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Friday, November 26, 2021

Officials call fatal stabbing of UK MP a terrorist act

by Joe Kearney and Jill Lawless

LEIGH-ON-SEA, England (AP) – A long-serving member of Parliament was stabbed to death on Friday during a meeting with constituents at a church in England, in what police described as a terrorist incident. A 25-year-old man was arrested in connection with the attack, which united Britain’s corrupt politicians in shock and grief.

The investigation into the murder of Conservative MP David Ames was led by an anti-terrorism official. In a statement early Saturday, the Metropolitan Police described the attack as terrorism and said preliminary investigations “revealed a possible motivation linked to Islamic extremism.”

Ames, 69, was attacked around Friday afternoon at a Methodist church in Leigh-on-Sea, about 40 miles (62 kilometers) east of London. Paramedics tried to save him without success. Police arrested the accused and recovered a knife.

They did not identify the suspect, who was held on suspicion of murder. Police said they believe the suspect acted alone, and were not looking for anyone else in connection with the murder, although the investigation is ongoing.

Another lawmaker, Joe Cox, was assassinated five years after a far-right extremist in his small-town constituency, and it raised concerns about the risk of his work being represented by politicians as voters. I renewed the concern. British politicians are generally not given police protection when they meet with their constituents.

Tributes poured in for AIIMS from across the political spectrum as well as the community it served for decades. Residents pay tribute to him in a vigil at a church in Leigh-on-Sea.

The Rev. Jeffrey Woolnaugh said in the presence of about 80 people, “he exudes that great East London spirit without fear and being able to talk to people and the level they are at.” “Not all politicians are good at that, I would say.”

Conservative Prime Minister Boris Johnson said he and his cabinet were “deeply shocked and heartbroken”.

“David was a man who believed passionately in this country and its future, and we have lost a fine public servant and a very dear friend and colleague today,” Johnson said.

The prime minister would not say whether the attack meant politicians needed tighter protection, saying, “We really should leave the police to investigate them.”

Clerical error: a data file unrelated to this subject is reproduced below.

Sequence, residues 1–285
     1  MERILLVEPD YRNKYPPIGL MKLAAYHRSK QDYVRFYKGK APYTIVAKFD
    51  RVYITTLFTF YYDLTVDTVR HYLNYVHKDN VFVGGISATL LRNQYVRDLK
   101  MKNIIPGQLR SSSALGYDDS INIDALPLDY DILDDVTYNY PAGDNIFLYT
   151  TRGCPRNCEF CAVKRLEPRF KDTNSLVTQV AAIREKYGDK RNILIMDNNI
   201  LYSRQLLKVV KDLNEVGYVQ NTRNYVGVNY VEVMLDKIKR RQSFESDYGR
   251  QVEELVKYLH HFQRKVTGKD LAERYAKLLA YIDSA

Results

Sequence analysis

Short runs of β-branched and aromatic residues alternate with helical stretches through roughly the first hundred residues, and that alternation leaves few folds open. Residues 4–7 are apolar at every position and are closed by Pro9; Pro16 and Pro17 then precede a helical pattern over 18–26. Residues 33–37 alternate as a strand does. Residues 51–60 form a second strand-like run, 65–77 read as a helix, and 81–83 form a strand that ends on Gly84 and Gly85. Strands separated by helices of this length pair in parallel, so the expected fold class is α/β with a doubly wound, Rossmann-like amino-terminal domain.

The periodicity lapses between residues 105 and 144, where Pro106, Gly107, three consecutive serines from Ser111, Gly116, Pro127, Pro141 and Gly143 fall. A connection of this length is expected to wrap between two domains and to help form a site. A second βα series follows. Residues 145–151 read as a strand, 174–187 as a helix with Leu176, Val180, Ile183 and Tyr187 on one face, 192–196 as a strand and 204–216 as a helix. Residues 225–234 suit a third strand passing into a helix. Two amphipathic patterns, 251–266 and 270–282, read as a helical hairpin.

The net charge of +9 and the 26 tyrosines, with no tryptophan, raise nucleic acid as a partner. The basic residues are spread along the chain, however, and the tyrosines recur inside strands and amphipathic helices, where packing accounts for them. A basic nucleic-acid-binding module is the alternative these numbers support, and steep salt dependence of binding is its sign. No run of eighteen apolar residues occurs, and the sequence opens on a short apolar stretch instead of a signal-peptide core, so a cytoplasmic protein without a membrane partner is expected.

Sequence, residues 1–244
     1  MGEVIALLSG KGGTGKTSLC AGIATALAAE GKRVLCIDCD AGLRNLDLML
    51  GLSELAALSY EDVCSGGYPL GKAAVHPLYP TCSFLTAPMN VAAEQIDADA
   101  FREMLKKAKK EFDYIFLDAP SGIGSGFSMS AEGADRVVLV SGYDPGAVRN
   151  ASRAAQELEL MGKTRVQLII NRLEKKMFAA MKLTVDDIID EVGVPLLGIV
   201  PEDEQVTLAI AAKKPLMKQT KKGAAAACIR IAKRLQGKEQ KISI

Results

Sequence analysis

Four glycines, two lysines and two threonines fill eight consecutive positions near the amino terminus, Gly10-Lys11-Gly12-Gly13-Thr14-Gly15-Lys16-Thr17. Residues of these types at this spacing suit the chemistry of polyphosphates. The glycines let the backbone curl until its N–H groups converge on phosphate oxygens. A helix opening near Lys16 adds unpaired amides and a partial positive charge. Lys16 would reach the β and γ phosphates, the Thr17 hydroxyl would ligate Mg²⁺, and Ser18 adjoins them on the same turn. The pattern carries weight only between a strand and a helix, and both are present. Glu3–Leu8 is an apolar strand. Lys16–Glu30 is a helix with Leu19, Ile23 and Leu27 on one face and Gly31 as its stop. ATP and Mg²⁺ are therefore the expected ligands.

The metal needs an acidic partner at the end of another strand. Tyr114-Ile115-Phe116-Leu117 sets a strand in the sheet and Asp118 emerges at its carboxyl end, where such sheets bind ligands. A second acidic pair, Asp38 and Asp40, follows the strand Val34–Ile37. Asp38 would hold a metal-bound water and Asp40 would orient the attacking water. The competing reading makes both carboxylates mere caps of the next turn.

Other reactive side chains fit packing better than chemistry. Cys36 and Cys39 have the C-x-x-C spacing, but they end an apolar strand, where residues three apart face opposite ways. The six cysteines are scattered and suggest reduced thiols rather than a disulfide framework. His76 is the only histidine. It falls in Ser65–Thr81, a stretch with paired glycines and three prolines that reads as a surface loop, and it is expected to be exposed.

Ames was a Member of Parliament for Southend West, which includes Leigh-on-Sea since 1997, and a legislator since 1983, making him one of the longest-serving politicians in the House of Commons.

A social conservative on the right of his party, he was a well-known figure with a reputation for working hard for his constituents and continuously campaigning to declare Southend a city.

Ames, who leaves behind a wife and five children, was knighted by Queen Elizabeth II in 2015 for his service, becoming Sir David.

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Flags were lowered at half-mast in Parliament amid various questions regarding the security of MPs.

House of Commons Speaker Lindsay Hoyle said: “This is an incident that will send a wave of shock to the Parliamentary community and to the nation as a whole.” “In the coming days we will need to discuss and investigate the safety of lawmakers and any measures taken, but for now, our thoughts and prayers are with David’s family, friends and colleagues.”

Violence against British politicians is rare, but there have been concerns about the increasingly bitter polarization of the country’s politics.

In 2016, a week before the country’s divisive Brexit referendum, a Labor MP Cox was stabbed to death in northern England. Also, in recent years several people have been jailed for threatening MPs.

British lawmakers are protected by armed police when they are inside parliament, and security there was tightened after an attacker inspired by the Islamic State group fatally stabbed a police officer at the gate in 2017.

But politicians have no such protection in their constituencies. AIIMS publishes the times and locations of its open meetings with constituents on its website.

Two other British MPs have been attacked over the past two decades during their “surgery”, regular meetings where constituents can present concerns and complaints.

Labor legislator Stephen Timms was radicalized in 2010 by a student with online sermons from an al-Qaeda-linked preacher.

In 2000, Liberal Democrat Nigel Jones and his colleague Andrew Pennington were attacked by a man holding a sword during one such meeting. Pennington was killed and Jones was injured in the attack in Cheltenham, England.

Former Prime Minister Theresa May, a conservative, tweeted that the Ames killing was “a sad day for our democracy”, and former Labor Prime Minister Tony Blair said he was “shocked and horrified.”

Scottish First Minister Nicola Sturgeon of the Scottish National Party said on Twitter: “In a democracy, politicians should be accessible and open to scrutiny, but no one deserves to take their own life to work for and represent their constituents Is.”

Kim Leadbeater, Joe Cox’s sister and now Member of Parliament herself, said it was “horrifying” that Ames’s family was experiencing what she was going through.

“They would think about this every day for the rest of their lives,” she said.

“I am now working myself as a politician and trying to do good work for the people, and it is really important that you get good people in public life, but this is the risk we are all taking. , and so many MPs would be scared of it.”


Lawless reported from London. Pan Pilas also contributed to this report.

World Nation News Deskhttps://www.worldnationnews.com
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